She gives me a shrewd look, like she knows something I don’t, but shakes her head. “So, what do you do? Besides work here, I mean?”

I pour a spoonful of sugar into my coffee cup and stir. “I’m a model, and I’m trying to break into acting.”

“Of course you are.” Noseypants sighs, a little furrow appearing between her eyebrows. “I need you to be like, a stockbroker or a doctor or something.”

I suppress another eye roll. Stockbroker, doctor… completely interchangeable, easily faked professions. “Something respectable, you mean.”


Most women I meet through this job are quite happy to have a model on their arms for an evening, but I can see Noseypants’s point; aspiring professionals who work at Unity socialize with Serious People with Serious Careers.

“How about I worked for a financial firm as a junior analyst for a couple of years, then I decided to leave to pursue an acting career?” This has the advantage of being the truth. More or less.

Noseypants looks dubious.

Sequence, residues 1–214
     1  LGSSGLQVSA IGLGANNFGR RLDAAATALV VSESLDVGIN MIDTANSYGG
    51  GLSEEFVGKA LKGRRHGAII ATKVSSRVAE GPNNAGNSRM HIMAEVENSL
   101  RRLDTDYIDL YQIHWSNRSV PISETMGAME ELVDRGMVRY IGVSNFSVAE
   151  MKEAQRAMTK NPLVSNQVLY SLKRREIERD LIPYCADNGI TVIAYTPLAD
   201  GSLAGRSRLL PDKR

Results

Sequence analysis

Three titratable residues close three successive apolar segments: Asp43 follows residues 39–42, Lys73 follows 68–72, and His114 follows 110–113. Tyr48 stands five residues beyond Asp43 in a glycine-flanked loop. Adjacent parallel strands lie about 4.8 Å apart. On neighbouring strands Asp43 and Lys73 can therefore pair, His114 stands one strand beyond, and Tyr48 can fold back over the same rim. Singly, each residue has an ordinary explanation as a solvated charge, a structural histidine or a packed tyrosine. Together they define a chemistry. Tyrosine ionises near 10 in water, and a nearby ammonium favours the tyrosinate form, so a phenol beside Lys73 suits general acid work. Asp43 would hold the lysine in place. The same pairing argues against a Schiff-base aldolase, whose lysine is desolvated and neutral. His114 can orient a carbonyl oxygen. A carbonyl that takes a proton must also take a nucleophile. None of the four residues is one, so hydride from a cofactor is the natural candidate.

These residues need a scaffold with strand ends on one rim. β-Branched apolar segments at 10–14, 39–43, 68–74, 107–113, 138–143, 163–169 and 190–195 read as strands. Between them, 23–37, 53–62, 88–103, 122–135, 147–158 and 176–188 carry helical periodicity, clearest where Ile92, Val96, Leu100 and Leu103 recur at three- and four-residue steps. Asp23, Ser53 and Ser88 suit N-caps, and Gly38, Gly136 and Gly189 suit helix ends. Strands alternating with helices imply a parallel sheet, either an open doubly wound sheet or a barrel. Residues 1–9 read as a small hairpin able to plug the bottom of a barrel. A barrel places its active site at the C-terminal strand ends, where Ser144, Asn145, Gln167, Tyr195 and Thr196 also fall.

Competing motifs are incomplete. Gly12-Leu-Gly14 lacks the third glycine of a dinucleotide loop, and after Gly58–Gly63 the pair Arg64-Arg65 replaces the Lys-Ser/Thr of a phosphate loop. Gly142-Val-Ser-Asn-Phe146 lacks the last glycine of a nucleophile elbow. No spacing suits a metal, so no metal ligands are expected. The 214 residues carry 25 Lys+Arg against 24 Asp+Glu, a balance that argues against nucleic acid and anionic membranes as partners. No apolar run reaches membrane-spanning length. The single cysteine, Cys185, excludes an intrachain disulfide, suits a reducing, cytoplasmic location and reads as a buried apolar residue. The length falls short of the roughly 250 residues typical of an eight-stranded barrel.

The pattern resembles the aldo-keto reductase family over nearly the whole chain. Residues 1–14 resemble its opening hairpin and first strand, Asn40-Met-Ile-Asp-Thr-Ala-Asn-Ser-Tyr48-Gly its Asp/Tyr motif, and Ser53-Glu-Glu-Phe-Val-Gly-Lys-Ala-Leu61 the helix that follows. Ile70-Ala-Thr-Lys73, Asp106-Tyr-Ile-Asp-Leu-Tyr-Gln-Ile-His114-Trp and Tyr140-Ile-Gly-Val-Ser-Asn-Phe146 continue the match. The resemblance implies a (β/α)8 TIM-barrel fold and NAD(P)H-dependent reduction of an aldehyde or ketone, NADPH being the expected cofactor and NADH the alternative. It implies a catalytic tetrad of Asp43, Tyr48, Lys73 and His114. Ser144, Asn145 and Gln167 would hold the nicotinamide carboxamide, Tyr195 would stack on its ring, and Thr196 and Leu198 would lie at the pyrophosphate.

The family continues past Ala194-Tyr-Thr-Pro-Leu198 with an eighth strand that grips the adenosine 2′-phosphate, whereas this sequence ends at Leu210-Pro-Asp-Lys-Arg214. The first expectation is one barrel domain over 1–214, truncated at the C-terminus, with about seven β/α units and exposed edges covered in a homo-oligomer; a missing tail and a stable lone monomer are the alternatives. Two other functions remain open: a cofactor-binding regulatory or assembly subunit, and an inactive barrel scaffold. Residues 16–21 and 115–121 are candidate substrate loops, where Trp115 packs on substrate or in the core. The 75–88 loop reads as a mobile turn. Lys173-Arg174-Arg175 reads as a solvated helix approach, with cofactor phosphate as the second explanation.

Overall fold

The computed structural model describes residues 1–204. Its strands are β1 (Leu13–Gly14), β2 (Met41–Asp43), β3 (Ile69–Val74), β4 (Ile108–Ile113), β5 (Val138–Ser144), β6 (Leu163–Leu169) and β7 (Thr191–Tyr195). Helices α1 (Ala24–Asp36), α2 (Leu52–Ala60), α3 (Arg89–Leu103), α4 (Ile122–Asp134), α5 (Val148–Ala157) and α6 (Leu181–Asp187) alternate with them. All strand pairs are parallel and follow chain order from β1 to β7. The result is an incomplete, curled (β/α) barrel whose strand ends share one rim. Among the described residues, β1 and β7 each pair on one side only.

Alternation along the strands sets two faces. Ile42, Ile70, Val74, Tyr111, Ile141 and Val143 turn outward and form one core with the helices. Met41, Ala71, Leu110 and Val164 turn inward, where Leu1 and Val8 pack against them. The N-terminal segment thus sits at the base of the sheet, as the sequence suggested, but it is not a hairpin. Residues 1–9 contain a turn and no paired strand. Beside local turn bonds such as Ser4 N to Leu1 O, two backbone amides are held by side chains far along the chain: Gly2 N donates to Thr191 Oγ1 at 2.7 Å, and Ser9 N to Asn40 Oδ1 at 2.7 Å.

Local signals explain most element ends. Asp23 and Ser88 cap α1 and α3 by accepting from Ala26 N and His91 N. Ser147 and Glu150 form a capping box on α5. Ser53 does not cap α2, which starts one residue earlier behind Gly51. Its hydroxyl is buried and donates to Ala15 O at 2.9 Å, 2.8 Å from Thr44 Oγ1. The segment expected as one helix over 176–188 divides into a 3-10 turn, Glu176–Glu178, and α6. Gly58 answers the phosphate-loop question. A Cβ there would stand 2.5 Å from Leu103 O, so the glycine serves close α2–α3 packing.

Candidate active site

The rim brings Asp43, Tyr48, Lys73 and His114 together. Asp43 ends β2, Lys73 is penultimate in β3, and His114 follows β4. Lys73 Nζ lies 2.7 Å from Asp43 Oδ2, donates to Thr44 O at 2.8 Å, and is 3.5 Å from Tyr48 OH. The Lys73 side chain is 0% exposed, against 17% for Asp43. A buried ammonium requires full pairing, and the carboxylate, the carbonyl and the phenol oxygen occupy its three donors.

“Look, I can’t pass myself off as a doctor or even a med school student,” I point out. “But I actually did work in a financial firm for a little while, so I understand the basics of the industry. But the people you work with do too, and if I say I’m working somewhere that I’m not, they’ll catch on.”

She makes a thoughtful little moue with that mouth, drawing my eyes like a magnet to those pretty, plump lips again. A shame they’re attached to someone who shows every sign of being seriously annoying.

Or maybe not a shame. Clients are off-limits, as Cassandra has made very clear to me.

“You’re a junior analyst who quit to backpack around the world for a year,” she declares. “Now you’re back and considering what to do next. You have a trust fund that lets you do that kind of thing, if anyone asks.”

I concede, glad to have that question settled. On to the next one. “And what’s our relationship to each other? Are we an item, first date, friends going to a party together …?”